PARIS — Three of Renault Group’s four main French unions have signed an agreement with the automaker on a plan to eliminate 1,700 jobs in exchange for guarantees on production targets and new model allocations.
The job cuts, part of a 2020 plan to save more than 2 billion euros ($2.3 billion) in operating costs, will be made from 2022-24, with the majority in 2022, but will not involve forced layoffs. Renault had earlier agreed to reduce the number of cuts from 2,000.
During that period, Renault agreed to hire 2,500 workers in France, with 2,000 at production sites, and to give priority to hiring more women.
Renault, which lost a record 7.29 billion euros in the first half of 2020, plans to eliminate nearly 15,000 jobs worldwide – including 4,600 in France — and trim its production capacity by 18 percent.
The automaker said in a statement Tuesday announcing the labor accord that it would base nine new models in France and target annual production of more than 700,000 vehicles in the country.
The CFE-CGC, CFDT and FO unions, representing 79 percent of French workers, agreed to the plan, Renault said. In a separate statement, the hardline CGT rejected it.
Getting agreement for the cuts has been politically tricky for CEO Luca de Meo and Chairman Jean-Dominique Senard, who face pressure from the French government, Renault’s most powerful shareholder.
Making EVs requires fewer workers than vehicles running on combustion engines, and Renault has pledged to avoid closing factories entirely; it is in the process of converting the Flins factory near Paris to “circular economy” activities such as recycling from assembly.
Renault agreed not to close sites covered by the latest accord, including industrial, logistics, parts and accessories plants, nor will it close the technical engineering facilities in Lardy and Aubevoye, it said Tuesday. The automaker is also planning on retraining some workers in skills required for EVs. There will also be annual salary reviews over the life of the contract.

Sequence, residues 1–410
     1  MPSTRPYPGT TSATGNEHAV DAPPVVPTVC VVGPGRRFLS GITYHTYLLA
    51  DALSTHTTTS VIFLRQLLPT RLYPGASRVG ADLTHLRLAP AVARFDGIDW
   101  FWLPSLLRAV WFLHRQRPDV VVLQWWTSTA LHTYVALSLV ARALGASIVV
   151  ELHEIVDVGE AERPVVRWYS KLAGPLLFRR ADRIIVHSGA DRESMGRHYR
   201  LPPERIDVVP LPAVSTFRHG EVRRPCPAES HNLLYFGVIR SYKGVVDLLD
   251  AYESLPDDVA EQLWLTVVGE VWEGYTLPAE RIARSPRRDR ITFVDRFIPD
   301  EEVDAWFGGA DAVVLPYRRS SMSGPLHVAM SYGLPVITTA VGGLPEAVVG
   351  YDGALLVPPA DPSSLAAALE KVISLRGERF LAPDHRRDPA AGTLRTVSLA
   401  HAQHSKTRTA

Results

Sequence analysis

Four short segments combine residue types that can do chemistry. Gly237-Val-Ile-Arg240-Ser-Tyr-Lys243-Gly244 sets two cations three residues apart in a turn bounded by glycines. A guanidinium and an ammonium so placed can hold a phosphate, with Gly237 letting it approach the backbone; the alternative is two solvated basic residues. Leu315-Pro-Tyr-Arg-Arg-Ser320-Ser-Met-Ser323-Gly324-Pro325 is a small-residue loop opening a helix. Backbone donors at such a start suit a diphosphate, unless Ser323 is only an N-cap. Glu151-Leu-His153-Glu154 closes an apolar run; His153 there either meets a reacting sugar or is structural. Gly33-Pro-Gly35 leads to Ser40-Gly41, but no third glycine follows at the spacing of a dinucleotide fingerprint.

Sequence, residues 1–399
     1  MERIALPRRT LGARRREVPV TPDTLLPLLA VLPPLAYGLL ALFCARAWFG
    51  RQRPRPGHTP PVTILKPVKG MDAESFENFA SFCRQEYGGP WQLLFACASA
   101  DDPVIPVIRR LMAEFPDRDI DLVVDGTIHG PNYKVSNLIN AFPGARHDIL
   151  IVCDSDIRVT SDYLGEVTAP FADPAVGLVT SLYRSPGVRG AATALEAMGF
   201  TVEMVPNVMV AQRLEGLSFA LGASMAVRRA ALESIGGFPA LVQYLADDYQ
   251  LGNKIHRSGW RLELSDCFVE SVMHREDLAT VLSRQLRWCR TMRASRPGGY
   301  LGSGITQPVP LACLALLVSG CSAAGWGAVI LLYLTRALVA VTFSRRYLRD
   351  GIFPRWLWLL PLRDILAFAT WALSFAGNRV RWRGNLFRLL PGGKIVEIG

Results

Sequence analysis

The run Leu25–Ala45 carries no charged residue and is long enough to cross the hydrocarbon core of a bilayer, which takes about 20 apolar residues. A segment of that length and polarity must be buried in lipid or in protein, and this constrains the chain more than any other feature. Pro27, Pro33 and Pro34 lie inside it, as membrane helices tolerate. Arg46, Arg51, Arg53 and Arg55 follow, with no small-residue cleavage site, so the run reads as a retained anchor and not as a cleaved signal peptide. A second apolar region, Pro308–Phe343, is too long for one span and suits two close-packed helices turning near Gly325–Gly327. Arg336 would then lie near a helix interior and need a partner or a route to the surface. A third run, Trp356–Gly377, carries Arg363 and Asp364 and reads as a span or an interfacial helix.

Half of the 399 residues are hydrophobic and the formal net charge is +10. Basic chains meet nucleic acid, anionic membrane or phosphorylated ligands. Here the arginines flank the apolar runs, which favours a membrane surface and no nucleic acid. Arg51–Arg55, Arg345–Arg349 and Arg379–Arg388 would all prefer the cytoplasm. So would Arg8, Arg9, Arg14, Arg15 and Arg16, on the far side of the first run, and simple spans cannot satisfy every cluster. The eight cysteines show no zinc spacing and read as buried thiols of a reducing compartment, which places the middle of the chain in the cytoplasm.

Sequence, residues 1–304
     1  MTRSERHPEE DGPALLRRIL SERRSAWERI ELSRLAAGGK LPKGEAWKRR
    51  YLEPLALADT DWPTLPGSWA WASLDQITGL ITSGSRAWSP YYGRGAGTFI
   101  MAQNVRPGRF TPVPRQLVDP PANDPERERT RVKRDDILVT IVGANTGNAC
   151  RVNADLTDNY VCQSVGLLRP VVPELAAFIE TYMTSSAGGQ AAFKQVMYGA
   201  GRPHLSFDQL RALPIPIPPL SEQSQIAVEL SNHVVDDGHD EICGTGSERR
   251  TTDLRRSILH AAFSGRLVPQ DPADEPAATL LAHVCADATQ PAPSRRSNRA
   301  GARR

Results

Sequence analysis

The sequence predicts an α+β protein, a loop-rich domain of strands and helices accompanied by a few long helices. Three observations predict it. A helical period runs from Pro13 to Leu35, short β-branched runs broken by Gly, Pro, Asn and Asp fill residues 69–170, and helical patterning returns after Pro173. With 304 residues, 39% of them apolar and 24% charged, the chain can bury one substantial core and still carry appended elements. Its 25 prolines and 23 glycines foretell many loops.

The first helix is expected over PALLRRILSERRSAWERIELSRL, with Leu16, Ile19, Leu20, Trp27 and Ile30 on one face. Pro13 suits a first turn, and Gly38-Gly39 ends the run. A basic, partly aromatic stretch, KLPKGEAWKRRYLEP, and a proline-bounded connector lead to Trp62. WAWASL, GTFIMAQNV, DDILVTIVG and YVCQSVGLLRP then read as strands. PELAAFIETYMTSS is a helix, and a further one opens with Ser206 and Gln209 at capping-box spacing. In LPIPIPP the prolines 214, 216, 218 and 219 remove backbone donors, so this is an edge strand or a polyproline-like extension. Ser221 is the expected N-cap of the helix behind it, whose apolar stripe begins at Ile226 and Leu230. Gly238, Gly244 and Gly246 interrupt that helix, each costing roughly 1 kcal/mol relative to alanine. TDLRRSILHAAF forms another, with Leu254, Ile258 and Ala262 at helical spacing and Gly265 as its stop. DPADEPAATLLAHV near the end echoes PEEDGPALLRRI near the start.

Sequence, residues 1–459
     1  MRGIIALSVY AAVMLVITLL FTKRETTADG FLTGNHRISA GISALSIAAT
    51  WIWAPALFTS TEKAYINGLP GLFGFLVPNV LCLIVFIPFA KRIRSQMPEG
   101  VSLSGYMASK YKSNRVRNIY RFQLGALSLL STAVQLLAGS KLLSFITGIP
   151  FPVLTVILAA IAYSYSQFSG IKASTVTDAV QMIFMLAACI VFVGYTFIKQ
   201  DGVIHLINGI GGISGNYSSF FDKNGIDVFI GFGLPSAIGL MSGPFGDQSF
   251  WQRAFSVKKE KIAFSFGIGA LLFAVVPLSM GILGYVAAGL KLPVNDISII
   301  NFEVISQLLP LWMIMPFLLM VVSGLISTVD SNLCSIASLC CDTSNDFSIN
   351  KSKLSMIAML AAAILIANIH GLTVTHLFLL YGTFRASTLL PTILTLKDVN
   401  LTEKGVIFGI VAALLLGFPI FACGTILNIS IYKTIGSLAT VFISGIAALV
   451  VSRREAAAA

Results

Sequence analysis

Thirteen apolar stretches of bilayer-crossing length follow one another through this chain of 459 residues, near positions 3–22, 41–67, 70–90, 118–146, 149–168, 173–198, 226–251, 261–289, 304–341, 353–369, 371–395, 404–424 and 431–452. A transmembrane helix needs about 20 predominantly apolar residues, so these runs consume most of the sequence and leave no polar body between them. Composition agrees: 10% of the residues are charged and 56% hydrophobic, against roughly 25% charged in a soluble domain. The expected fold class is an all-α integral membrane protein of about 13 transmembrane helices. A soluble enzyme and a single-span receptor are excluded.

As part of the agreement, unions pressed Renault for clarity on model allocation and production targets.
Of the nine new models, Renault said the “majority” would be full electric.
Highlights of the allocations include:
- The “ElectriCity” factory hub in northern France will build the Megane E-Tech Electric, the future Renault 5 EV, the Kangoo electric van, a “future electric SUV” expected to be a compact model, “and a new vehicle that is still in its early stages,” likely to be a retro-themed EV based on the Renault 4L of the 1960s.
- A future 100 kilowatt electric motor “and its entire value chain” will be built in the Cleon factory, now a center for internal combustion engines, and the Le Mans factory will build chassis for the new vehicles.
- Plants at Dieppe and Sandouville will produce the new Alpine and an electric medium Trafic van, while Batilly will produce a replacement for the large Master van and “a vehicle from a partner.”
Bloomberg contributed to this report